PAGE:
Datafication refers to how the world can be seen, explained, and opened up to forms of action or intervention through digital data. The datafication of society extends to all aspects of daily life and has implications for education across all sectors.
The data trails we generate as digital citizens, and the surveillance regimes that feed on these; data driven decision making by institutions, governments and corporations and their attendant questions of privacy and ethics; the impact of data on the media and the political sphere; the growing intensity of datafication through the Internet of Things and artificial intelligence; and the concentration of influence in particular algorithms and platforms are all elements of societal datafication which impact on university teaching at structural, pedagogic and policy levels.
For the special issue on ‘The Datafication of Higher Education Teaching’ we invite papers which engage critically with this theme. Proposals for papers which connect with any of the issues outlined below – and relevant others – are welcome.
Understandings of datafication in HE teaching
In higher education teaching there is sometimes an assumption that data and technology can ‘solve’ problems relating to teaching quality, learner support, plagiarism, attendance and engagement in an unproblematic way. Often prompting over-simplistic adoption models, this kind of solutionist model aligns with an undertanding of higher education teaching as performance-driven and marketised, surfacing profound conflicts around the purpose of higher education itself. Teacher agency and expertise is in some contexts being delegated to data dashboards and data-enabled visualisations, raising questions around the future of teacher professionalism in the datafied society.
Political and social contexts of datafication
Datafication in higher education can indeed be seen as the coming together of a range of social and political factors in parallel with technological change. These include unbundling and privatization, changing patterns of engagement and recruitment at the global scale, the normalisation of ubiquitous surveillance, massification of higher education, new forms of market regulation, and subsequent effects on staff workload, academic precarity and public perception of the value of universities. Universities are working with an ever-diminishing pool of government resources, within a context infused by market values which are – arguably – driving quantification and metrics as ways of evaluating quality of teaching and student experience.
Datafication in the global context
The prevalence of datatification and its consequences are phenomena arising in and from the data-rich global north. This raises a number of issues about the implications for data-poor higher education systems that are more likely to be concentrated in the global south. The paucity of data and data systems in these contexts can lead to importing models without critically engaging with the situatedness of the underlying assumptions, for example, the relationship between data analytics and student success. The particular ways of identifying, analysing, interpreting data in the global north when borrowed or imposed can also render global south practices invisible, as can be seen in university rankings.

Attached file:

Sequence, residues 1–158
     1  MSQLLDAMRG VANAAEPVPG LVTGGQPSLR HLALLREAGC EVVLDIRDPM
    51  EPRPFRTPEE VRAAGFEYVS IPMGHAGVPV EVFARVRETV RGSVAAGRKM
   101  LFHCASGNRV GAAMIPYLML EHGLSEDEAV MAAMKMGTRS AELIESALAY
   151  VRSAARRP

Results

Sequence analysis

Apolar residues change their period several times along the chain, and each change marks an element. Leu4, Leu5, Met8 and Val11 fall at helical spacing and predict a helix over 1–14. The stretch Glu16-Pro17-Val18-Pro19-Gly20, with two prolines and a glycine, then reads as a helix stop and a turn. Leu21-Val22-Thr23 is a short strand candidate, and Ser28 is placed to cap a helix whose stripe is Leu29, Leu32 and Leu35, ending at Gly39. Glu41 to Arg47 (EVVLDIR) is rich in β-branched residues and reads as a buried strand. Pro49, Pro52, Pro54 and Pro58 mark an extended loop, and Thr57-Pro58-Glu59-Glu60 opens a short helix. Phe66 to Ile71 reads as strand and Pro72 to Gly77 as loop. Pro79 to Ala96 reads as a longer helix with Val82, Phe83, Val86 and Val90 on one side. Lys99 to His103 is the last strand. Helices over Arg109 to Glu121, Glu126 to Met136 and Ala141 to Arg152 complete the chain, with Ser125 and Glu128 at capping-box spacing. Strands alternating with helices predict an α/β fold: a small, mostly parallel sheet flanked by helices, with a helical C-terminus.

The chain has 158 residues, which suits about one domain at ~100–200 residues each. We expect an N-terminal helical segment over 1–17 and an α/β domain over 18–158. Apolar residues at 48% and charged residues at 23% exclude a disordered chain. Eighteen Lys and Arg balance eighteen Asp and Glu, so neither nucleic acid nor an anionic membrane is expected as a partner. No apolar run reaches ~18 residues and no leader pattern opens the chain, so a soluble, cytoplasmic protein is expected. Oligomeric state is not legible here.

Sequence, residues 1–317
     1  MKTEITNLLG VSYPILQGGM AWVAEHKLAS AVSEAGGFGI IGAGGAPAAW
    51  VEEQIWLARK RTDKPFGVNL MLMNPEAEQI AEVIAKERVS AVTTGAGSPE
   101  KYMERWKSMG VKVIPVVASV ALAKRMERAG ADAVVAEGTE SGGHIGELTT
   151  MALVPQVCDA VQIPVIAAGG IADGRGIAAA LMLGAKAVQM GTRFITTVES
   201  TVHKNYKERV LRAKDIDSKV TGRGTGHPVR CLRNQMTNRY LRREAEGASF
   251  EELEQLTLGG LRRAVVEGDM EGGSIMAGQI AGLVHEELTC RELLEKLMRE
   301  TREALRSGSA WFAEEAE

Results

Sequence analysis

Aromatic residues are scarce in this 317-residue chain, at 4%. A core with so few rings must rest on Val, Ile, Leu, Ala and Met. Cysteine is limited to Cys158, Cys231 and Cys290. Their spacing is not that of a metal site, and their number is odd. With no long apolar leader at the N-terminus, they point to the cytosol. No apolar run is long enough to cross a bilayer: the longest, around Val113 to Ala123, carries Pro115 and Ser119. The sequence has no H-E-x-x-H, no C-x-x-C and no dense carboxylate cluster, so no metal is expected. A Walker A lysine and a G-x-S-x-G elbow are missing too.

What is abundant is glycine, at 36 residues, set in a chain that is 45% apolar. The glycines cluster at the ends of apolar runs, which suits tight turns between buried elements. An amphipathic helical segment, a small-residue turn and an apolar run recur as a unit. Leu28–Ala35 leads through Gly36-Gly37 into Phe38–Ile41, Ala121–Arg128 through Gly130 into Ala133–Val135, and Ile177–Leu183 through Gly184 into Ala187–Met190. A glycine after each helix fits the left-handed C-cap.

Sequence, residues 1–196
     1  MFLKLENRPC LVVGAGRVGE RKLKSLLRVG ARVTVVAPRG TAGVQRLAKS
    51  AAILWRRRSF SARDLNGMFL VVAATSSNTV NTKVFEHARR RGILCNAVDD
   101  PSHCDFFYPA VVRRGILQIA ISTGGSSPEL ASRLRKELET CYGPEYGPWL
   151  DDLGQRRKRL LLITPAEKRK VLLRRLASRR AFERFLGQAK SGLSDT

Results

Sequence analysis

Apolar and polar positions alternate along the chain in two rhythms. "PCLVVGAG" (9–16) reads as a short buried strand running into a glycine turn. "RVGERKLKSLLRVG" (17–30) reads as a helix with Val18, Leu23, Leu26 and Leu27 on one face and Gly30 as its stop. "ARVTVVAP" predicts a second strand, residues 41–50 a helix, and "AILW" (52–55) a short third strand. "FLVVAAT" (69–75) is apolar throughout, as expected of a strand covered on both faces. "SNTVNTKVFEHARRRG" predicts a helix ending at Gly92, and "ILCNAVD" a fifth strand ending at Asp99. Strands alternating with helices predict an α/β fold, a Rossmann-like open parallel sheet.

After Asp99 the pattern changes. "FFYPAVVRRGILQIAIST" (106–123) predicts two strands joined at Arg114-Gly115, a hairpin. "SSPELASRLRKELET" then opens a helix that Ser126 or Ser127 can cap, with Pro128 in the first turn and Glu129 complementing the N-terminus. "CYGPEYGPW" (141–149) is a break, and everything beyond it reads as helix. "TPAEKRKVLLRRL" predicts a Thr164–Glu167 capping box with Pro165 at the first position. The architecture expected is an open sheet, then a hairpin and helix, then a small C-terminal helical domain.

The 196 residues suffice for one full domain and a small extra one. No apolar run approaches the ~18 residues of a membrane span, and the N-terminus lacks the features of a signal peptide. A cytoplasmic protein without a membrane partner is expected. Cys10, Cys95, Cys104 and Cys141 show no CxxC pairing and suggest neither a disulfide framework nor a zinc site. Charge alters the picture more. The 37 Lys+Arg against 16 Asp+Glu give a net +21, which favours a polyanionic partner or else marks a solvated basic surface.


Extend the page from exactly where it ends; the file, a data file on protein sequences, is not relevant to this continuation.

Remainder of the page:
Data forms and uses
Accompanying social and political change, technological advances are opening up new ways to generate and use data about HE teaching. Application and progression datasets combined to predict patterns of admission and withdrawal, and analytics designed to identify students at risk for targeted support are already well-used in universities. Teaching quality is increasingly subject to ratings and metrics produced at accelerating timescales. Data generated manually by student use of learning management systems and access to library and other services can be subjected to learning analytics designed to map engagement, sometimes promising to aid prediction of ultimate student success or failure. New systems are being built to track student experience and satisfaction with even further precision and at greater scope, with longitudinal outcomes datasets becoming available for linking taught courses to long-term earnings and career outcomes. Adaptive learning platforms are coming online accompanied with promises of personalized education, where part of the pedagogy is delegated to machine learning-based recommendation systems and algorithmic ‘learning playlist’ generators.
More speculatively, with sensor and device-based tracking of individuals technically possible, location analytics, facial recognition, and wearable biometrics have potential for data-enabled student tracking, attendance and ‘engagement’ monitoring. Growing interest in the Internet of Things and artificial intelligence in education accompanies promises of intelligent tutoring assistants and teacherbots. Meanwhile environmentalists are sounding the alarm about the potentially harmful ecological footprint caused by the power needs of AI and the Internet of Things, raising questions about the environmental responsibilities of the datafied university.
Deadline for submission of abstracts: 11 January 2019
Invitation to submit full papers: 25 January 2019
Deadline for full papers: 1 June 2019
Publication: January/February 2020
Please submit abstracts here. The closing date for submission is 11 January 2019.